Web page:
Regina Trench Cemetery
Historical Information (Source: CWGC)
On 1 July 1916, the first day of the Battle of the Somme, Grandcourt village was reached by part of the 36th (Ulster) Division, but it was not until the German withdrawal to the Hindenburg Line, early in February 1917, that it was occupied by patrols of the Howe Battalion, Royal Naval Division. To the south-east of it is Courcelette, taken by the 2nd Canadian Division on 15 September 1916. Regina Trench was a German earthwork, captured for a time by the 5th Canadian Brigade on 1 October 1916, attacked again by the 1st and 3rd Canadian Divisions on 8 October, taken in part by the 18th and 4th Canadian Divisions on 21 October, and finally cleared by the 4th Canadian Division on 11 November 1916. The original part of the cemetery (now Plot II, Rows A to D) was made in the winter of 1916-1917. The cemetery was completed after the Armistice when graves were brought in from the battlefields of Courcelette, Grandcourt and Miraumont; most date from October 1916 to February 1917.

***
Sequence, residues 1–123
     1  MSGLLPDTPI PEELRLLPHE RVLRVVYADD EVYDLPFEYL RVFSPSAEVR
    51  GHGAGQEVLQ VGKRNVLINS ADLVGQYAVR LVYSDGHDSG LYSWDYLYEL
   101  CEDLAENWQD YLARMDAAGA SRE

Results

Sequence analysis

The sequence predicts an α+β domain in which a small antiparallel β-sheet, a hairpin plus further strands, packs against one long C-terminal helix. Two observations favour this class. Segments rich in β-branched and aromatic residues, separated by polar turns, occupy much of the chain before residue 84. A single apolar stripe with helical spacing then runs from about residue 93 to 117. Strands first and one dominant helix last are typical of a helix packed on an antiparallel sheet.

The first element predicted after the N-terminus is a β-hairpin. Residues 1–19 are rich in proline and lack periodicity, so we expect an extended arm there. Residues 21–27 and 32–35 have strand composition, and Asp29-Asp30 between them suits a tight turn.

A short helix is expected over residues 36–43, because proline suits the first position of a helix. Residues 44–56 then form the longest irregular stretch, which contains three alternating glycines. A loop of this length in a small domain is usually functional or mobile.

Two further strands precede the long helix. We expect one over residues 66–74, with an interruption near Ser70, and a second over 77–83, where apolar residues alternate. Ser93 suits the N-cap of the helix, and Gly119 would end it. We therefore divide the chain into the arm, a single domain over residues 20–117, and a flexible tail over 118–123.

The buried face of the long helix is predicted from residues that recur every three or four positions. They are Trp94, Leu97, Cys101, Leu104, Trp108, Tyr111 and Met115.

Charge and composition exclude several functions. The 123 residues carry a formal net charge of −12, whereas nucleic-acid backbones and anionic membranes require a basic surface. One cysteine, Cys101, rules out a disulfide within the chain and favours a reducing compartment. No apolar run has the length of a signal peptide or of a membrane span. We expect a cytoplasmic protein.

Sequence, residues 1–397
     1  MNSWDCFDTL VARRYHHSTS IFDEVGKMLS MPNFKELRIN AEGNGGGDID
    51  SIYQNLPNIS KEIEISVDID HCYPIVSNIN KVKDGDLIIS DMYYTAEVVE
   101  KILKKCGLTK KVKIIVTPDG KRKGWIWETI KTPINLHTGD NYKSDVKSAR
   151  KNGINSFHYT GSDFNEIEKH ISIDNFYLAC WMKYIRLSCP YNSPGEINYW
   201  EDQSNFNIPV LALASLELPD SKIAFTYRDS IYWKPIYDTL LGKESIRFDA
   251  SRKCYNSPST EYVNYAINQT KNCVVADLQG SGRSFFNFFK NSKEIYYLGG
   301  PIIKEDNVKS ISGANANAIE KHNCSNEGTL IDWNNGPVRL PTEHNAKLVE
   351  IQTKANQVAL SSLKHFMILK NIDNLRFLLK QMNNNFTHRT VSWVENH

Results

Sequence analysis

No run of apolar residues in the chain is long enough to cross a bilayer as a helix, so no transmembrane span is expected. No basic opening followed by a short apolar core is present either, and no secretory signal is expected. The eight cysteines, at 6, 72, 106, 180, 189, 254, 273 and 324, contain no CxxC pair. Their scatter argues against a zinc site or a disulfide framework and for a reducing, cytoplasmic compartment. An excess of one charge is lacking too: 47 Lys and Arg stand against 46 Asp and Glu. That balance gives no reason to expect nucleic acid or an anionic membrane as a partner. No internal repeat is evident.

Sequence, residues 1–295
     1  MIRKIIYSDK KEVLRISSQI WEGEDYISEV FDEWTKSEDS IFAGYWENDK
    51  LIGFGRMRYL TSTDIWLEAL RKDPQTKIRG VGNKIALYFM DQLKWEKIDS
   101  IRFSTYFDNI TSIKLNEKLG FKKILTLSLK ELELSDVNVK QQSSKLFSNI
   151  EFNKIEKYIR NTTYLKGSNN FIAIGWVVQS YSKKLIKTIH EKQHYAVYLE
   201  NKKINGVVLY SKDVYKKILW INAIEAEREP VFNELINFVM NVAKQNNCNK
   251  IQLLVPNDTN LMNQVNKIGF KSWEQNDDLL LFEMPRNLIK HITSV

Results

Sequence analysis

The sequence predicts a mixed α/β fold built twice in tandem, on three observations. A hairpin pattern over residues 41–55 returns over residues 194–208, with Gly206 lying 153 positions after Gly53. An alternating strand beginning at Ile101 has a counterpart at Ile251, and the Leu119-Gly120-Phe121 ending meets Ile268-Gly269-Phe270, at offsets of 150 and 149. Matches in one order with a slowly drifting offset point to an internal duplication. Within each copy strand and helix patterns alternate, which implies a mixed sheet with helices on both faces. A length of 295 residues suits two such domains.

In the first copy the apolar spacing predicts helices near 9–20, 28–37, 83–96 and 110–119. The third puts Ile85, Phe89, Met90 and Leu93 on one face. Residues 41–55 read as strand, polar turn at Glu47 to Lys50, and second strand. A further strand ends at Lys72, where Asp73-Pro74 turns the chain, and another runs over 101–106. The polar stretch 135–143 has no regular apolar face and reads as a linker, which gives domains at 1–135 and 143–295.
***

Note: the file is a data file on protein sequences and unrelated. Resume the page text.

Regina Trench Cemetery now contains 2,279 burials and commemorations of the First World War. 1,077 of the burials are unidentified, but there are special memorials to 14 casualties believed to be buried among them.
One American airman is also buried in the cemetery. The cemetery was designed by Sir Herbert Baker.
- United Kingdom (812)
- Canadian (372)
- Australian (18)
- American (1)
- Army (1201)
- Air Force (2)